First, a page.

Aging North Sea oil and gas infrastructure has been spotlighted for possible conversion for offshore wind-powered hydrogen generation, according to a new scoping report from the Scottish Offshore Wind Energy Council (SOWEC).
The study, carried out by the engineering consultancy Vysus, ran the rule over ageing floating and fixed oil and gas installations in the northern and central North Sea and a number of pipelines nearing the end of their operational lives as “candidates for export or storage of hydrogen product, disposal of CO2 and the import of natural gas feedstock for steam methane reforming”.
The report also looked at the conversion of bulk carriers into platforms to host hydrogen production equipment that could be moored for tie-in to “constrained” offshore renewable resources in the waters to the north of the Scottish mainland.
Though the authors stated that the intention of the study was “not to attempt to identify specific infrastructure for repurposing”, they nonetheless suggested the Brent and Markham fields in North Sea were “ideal donor sites for consideration, as these sites are located in close proximity to connecting pipelines and offshore wind farm developments”.
Brian McFarlane, co-chair of SOWEC, stated: “Offshore wind is at the heart of a successful energy transition. Scotland has a world-class supply chain working in oil and gas and maritime engineering. This report highlights the readiness of Scottish companies to shift into hydrogen, and also sets out a route map on the political, economic, regulatory, and technological steps needed to enable the transition.
“Supply chain infrastructure necessary for the repurposing of candidate oil & gas installations has been an established part of the Scottish oil and gas economy for many years. This infrastructure is well placed to support repurposing towards a hydrogen economy.”
SOWEC’s study, which focuses on an overview of existing policy and regulatory landscape, cost estimates for necessary supply chain and infrastructure and “interest among developers to support hydrogen production growth” from late-2020 to 2050, follows the opening of the Scottish government’s consultation on a new planning process for an acreage award for the country's first offshore wind-powered oil and gas projects.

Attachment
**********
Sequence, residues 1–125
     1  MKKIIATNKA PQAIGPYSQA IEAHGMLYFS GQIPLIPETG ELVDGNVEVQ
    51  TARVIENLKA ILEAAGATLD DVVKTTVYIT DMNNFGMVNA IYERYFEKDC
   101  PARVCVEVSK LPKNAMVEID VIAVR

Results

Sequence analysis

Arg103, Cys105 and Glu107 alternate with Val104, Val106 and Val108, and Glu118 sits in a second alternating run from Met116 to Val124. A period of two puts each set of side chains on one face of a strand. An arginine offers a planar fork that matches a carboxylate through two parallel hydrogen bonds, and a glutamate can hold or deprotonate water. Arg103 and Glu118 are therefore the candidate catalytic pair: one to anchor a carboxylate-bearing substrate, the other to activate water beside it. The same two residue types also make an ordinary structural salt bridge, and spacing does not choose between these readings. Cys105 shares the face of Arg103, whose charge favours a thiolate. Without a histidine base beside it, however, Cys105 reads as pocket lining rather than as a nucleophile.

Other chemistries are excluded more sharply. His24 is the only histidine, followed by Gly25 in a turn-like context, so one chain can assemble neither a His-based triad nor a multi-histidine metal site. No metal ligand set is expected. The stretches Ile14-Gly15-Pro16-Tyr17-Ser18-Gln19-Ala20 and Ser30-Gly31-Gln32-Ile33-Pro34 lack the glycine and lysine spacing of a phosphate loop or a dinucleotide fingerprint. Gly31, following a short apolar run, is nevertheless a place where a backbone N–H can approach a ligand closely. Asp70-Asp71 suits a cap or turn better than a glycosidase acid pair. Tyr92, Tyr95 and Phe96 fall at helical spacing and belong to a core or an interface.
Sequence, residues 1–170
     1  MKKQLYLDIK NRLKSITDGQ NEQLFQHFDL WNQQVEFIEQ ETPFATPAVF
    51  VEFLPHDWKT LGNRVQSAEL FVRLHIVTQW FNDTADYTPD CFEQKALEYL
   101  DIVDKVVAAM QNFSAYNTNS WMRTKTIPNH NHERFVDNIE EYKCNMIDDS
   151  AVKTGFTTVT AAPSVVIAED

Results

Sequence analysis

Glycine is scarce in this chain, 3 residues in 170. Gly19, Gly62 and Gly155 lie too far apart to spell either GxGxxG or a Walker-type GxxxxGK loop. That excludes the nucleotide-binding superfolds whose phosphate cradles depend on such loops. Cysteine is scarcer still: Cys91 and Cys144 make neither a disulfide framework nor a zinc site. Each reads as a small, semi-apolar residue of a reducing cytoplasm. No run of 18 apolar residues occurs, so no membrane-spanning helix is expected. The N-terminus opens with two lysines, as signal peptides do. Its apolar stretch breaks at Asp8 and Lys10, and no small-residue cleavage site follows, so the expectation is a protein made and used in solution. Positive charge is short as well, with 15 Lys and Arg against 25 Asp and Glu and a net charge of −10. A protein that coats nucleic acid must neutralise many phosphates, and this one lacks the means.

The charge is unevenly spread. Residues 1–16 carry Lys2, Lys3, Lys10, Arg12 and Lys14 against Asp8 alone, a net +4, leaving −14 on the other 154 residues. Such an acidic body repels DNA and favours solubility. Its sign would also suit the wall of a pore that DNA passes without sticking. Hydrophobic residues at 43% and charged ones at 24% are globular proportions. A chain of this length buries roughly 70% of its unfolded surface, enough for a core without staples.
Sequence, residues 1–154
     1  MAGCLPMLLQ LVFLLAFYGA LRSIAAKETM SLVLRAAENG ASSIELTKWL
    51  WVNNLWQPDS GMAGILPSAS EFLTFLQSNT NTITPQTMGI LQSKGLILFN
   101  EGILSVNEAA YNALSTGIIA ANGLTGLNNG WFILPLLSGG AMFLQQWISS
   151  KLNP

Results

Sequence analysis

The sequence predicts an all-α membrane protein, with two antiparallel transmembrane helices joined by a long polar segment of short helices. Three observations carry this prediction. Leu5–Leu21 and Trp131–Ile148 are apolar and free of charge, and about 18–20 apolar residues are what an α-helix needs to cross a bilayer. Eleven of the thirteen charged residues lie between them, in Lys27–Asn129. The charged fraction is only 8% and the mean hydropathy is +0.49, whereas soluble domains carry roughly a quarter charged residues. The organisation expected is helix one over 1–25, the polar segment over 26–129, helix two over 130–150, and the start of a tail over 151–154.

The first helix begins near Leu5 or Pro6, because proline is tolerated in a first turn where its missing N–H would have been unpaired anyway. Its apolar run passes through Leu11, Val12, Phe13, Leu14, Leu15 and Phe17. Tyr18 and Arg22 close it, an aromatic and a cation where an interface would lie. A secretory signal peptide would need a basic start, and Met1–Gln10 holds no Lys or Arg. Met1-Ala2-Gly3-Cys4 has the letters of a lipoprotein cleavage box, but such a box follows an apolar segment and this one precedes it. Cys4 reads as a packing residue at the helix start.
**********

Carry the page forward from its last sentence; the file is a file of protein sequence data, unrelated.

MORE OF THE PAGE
Though the report found there were “real opportunities” to repurpose redundant pipelines running close to offshore wind farms and re-useable infrastructure, it highlighted a number of challenges that must be addressed by policy makers, industry and regulators if the infrastructure is to become available for repurposing, including:
• economic uncertainties associated with the condition of redundant pipelines,
• unidentified areas of high corrosion or thin walls in pipeline to be repurposed or “overestimated integrity of an existing pipeline for its new duty of transporting hydrogen”,
• differences in physical and chemical properties between hydrogen and natural gas that could impact “the suitability of existing equipment for high hydrogen content with regard to stress cracking etc”, and
• pipeline availability and potential conflict with decommissioning plans.
The Scottish government has identified three scenarios to develop a hydrogen economy over the period 2025, 2035, and 2045 where between 70,000 and 300,000 jobs will be protected or created with gross value added benefits of £5 billion - £25 billion ($6.9 billion - $34.6 billion).
During this period, Holyrood expects projects to grow from “small-scale operations with 200MW per unit production capacity for green hydrogen to over 25GW total by 2045”, with the majority of production offshore.
“Depending on pricing of hydrogen, carbon pricing and cost of entry to the market, these figures demonstrate a significant potential market opportunity for repurposed offshore infrastructure to host equipment,” said the report authors.
The UK government recently launched its long-awaited hydrogen strategy, setting out proposals to use a contracts for difference support mechanism similar to the one employed to kick-start the nation’s offshore wind sector, with a view to building 5GW of hydrogen capacity by 2030.
(This article first appeared in Upstream's renewable energy sister publication Recharge on 16 September, 2021)